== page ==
GLAAD Transgender Media Program

According to a recent Pew poll, nearly 90% of Americans say they personally know someone who is lesbian, gay, or bisexual. However, multiple polls show that approximately 20% of Americans say they personally know someone who is transgender. Given this reality, most Americans learn about transgender people through the media. So when the media talks about transgender issues - it is imperative that they get it right.

GLAAD's staff, which has included transgender people for over 20 years, is committed to working with the media to fairly and accurately tell the stories of transgender lives. GLAAD works with national news outlets, TV networks, film studios and Spanish-language media to include real stories about transgender people. GLAAD also works closely with transgender people and transgender advocacy groups to raise awareness about transgender issues. GLAAD provides free trainings to empower transgender people to share their stories in the media.

In 2018, GLAAD and 5050x2020, a strategic initiative within TIME’S UP advocating for increased inclusion of women, people of color, and LGBTQ people in media, released an open letter in Variety urging the entertainment industry to prioritize telling transgender stories, include trans creators in the creative process, and cast trans roles more authentically.  More than 45 production companies, talent agencies, and advocacy organizations, including Ryan Murphy Productions, SAG AFTRA, ACLU, Ava DuVernay’s ARRAY Alliance, Shondaland, Norman Lear's Act III Productions, Apatow Productions, Bad Robot, Berlanti Productions, Casting Society of America, CAA, ICM, UTA, WME, Women In Film, Color Of Change and many more, signed the open letter.

The letter also encouraged content creators in Hollywood to read TRANSform Hollywood, a resource guide for the entertainment industry, created by GLAAD and 5050by2020, offering tips and best practices for collaborating with trans storytellers and fostering a more trans-inclusive production environment. 

GLAAD also worked with Netflix to create a campaign, #FirstTimeISawMe. Check out the videos with Jamie Clayton, Elliot Fletcher, Jazz Jennings, Laura Jane Grace, Meredith Talusan, Tiq Milan, and GLAAD's Nick Adams; then read other trans people's stories of when they really saw themselves reflected on-screen.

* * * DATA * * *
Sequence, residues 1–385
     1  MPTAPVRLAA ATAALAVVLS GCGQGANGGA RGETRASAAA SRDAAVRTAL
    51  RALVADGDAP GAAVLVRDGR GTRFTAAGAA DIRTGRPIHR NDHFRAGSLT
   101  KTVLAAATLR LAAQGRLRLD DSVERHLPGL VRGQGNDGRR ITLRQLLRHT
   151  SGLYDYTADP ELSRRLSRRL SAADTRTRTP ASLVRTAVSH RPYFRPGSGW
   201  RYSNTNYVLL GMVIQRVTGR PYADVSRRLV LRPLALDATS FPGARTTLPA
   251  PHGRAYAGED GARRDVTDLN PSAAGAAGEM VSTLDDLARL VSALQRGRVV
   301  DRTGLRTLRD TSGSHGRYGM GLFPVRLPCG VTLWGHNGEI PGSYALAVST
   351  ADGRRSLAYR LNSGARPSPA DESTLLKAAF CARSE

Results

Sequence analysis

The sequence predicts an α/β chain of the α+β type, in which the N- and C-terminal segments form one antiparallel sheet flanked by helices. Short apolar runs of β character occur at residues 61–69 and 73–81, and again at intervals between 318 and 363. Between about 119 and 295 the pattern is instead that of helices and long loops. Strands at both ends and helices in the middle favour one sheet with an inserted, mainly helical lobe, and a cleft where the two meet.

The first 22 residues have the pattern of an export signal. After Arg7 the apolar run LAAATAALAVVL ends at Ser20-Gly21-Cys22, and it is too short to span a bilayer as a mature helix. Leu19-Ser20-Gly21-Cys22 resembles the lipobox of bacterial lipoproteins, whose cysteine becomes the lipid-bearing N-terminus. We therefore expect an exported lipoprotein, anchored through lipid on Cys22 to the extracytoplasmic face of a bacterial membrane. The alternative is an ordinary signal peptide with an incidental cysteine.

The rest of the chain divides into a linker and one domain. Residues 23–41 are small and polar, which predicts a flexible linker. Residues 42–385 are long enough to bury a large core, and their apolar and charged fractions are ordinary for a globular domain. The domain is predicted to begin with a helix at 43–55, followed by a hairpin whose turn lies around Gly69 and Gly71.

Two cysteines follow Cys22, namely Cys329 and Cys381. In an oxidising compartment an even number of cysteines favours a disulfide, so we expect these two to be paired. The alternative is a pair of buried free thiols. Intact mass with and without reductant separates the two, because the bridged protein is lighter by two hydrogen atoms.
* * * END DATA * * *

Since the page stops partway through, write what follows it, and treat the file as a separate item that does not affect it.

If you would like to contact us about how to create more authentic transgender characters in films and TV, or for resources on how to create accurate news stories, contact us at trans@glaad.org.

Want to learn more about what it means to be transgender? Check out our Transgender Frequently Asked Questions

Recent stories

Harry Potter Fandom Responds to JK Rowling's Anti-Trans Activism: "Although it is difficult to speak out against someone whose work we have so long admired, it would be wrong not to use our platforms to counteract the harm she has caused."

The Leaky Cauldron and MuggleNet, two well-established Harry Potter fan communities, issued a statement denouncing the Harry Potter author for her harmful and disproven statements about transgender people.

Introducing GLAAD's inaugural class of 20 Under 20 Honorees

GLAAD's Rising Stars 20 Under 20 list spotlights twenty young LGBTQ people who are shaping the future of media and activism.

GLAAD works with Hollywood to shape transgender stories and help cast trans actors

Working with Hollywood to diversify and create authentic transgender media representation, GLAAD is reshaping the way Americans get to know people who are transgender. 

GLAAD Joins Puerto Rican Activists to Call for an End to Anti-LGBTQ Violence on the Island

“They are hunting us and they are killing us," Pedro Julio Serrano told media at a press conference this week to denounce anti-LGBTQ violence in Puerto Rico. At least ten people have been killed in 15 months on the U.S. Territory, said Serrano who is Executive Director of Puerto Rico Para Tod@s and a spokesperson for the Broad Committee for the Search of Equity, or CABE in Spanish.

The recent and shocking deaths of two transgender women, Serena Angelique Velázquez Ramos and Layla Peláez Sánchez, who were burned to death in a car, led to the most recent call to action, which GLAAD and a number of other national organizations joined. Two suspects were arrested in connection to the deaths of Velázquez Ramos and Peláez Sánchez, both of whom reportedly lived in New York and were visiting Puerto Rico.

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